Lisa Ampleman

A Question of Likeness


Gaspara Stampa, a sixteenth-century Venetian poet, sang the canzones of Petrarch as entertainment for polite society. She was one of many virtuose, professional singers often mistaken for courtesans—but singing someone else's songs wasn't enough. She began to write her own poems in the Petrarchan tradition, bemoaning a cruel lover (Count Collaltino di Collalto) with fiery eyes and cold heart. After Stampa died in her early thirties, her sister funded the publication of her sequence of poems that mirrors Petrarch's Canzoniere with its sonnets, canzones, madrigals, and other forms. The collection didn't stay in print long, though it was reissued in 1738 and 1913. Rainer Maria Rilke read Stampa and mentions her in his first Duino elegy: "Have you imagined / Gaspara Stampa intensely enough so that any girl / deserted by her beloved might be inspired / by that fierce example of soaring, objectless love / and might say to herself, ‘Perhaps I can be like her?'" (Stephen Mitchell's translation).

All work in form is somewhat imitation (an attempt at likeness) and somewhat resistance. Stampa's rhyme schemes or metrical arrangements sometimes echo Petrarch, her contemporary Vittoria Colonna (another female poet), and others. I imagine the rhythms got stuck in her brain after performances. I imagine her humming to herself while moving about her day. However, Stampa resists certain tropes of the Petrarchan sequence: her love for Collaltino is consummated, not deferred indefinitely. Her lover does not die, though he does marry. She even falls in love a second time, with another man. In fact, Stampa wanted to stake out her own ground. In the first poem of the sequence, which mirrors Petrarch's first poem in its address to those who might listen, she hopes that they might hear in her work "my sufferings above all others" (de le pene mie tra l'altre prime). This woman had ambition and often punned on the meaning of her last name: publication. She was not your average Venetian Renaissance lady.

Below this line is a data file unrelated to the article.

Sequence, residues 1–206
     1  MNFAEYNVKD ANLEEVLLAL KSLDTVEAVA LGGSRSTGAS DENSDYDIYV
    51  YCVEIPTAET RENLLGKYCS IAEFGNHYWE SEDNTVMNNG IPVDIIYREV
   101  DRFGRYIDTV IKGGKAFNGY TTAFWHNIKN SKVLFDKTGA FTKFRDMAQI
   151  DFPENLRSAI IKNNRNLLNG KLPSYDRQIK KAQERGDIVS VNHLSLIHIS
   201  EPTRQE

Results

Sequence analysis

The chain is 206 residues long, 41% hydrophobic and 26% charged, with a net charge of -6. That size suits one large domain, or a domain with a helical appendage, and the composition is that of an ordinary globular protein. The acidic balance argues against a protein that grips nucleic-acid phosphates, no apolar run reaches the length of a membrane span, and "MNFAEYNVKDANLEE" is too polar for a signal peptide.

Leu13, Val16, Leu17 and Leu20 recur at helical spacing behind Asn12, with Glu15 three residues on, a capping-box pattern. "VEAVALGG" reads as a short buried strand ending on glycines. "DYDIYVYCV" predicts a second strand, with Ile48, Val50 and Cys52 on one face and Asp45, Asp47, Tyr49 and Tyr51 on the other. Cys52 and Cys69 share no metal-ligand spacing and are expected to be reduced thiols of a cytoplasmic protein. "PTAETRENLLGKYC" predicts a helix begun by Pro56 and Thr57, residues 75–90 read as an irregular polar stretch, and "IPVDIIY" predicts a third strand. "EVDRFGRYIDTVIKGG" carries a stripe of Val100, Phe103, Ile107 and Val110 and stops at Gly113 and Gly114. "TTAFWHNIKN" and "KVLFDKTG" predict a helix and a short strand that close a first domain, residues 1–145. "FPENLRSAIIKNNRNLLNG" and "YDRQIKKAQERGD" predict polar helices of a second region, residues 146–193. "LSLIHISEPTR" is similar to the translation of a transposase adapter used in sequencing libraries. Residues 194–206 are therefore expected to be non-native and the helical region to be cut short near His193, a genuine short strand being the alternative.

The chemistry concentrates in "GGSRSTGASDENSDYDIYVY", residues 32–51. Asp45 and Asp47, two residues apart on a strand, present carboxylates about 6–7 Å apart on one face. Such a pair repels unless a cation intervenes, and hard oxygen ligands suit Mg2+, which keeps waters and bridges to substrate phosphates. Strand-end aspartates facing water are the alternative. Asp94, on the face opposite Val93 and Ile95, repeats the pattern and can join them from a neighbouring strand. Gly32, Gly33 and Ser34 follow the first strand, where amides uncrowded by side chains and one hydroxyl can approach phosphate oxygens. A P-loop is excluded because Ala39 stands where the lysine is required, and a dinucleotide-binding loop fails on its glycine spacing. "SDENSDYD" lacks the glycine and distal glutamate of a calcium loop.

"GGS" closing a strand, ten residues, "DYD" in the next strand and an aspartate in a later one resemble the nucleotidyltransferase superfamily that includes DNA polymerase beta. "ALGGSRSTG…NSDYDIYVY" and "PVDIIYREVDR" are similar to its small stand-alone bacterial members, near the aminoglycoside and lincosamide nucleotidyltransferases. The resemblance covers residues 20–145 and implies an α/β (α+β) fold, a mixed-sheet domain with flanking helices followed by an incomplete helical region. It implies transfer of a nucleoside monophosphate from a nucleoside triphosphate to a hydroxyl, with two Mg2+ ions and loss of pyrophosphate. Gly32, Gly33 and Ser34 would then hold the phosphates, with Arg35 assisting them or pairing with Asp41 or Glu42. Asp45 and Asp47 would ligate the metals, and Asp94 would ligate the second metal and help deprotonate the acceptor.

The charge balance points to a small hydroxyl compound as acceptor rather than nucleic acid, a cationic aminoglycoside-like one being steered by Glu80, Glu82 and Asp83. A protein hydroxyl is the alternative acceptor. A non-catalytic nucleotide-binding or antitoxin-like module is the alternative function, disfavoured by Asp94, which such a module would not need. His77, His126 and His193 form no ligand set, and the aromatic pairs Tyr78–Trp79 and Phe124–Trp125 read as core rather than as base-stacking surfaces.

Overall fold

In my recent work adapting poems of Stampa's, I've found myself putting into practice Rilke's notion: "Perhaps I can be like her." I don't attempt the rhyme schemes but work to reproduce her sense in a contemporary context. Thus, the Camaro in "Prizefighter." My versions of the poems are like hers in their sense of line and stanza, yet unlike. I put on her mask and sing a little bit, reanimating the forms and learning about the sonnet from Stampa. I've used that knowledge to start my own sequence of courtly love poems (for and about 1990s rocker and cultural provocateur Courtney Love). Each time I start a sonnet, there's a little set of boxes to fill, each stanza taking up a certain amount of space, each calling for a bit of likeness and unlikeness, even in the rhymes. The poet mediates the familiar and the surprising, hoping to balance both.

(If you want to read Stampa in both Italian and English, I recommend Troy Tower and Jane Tylus's version through the University of Chicago Press.)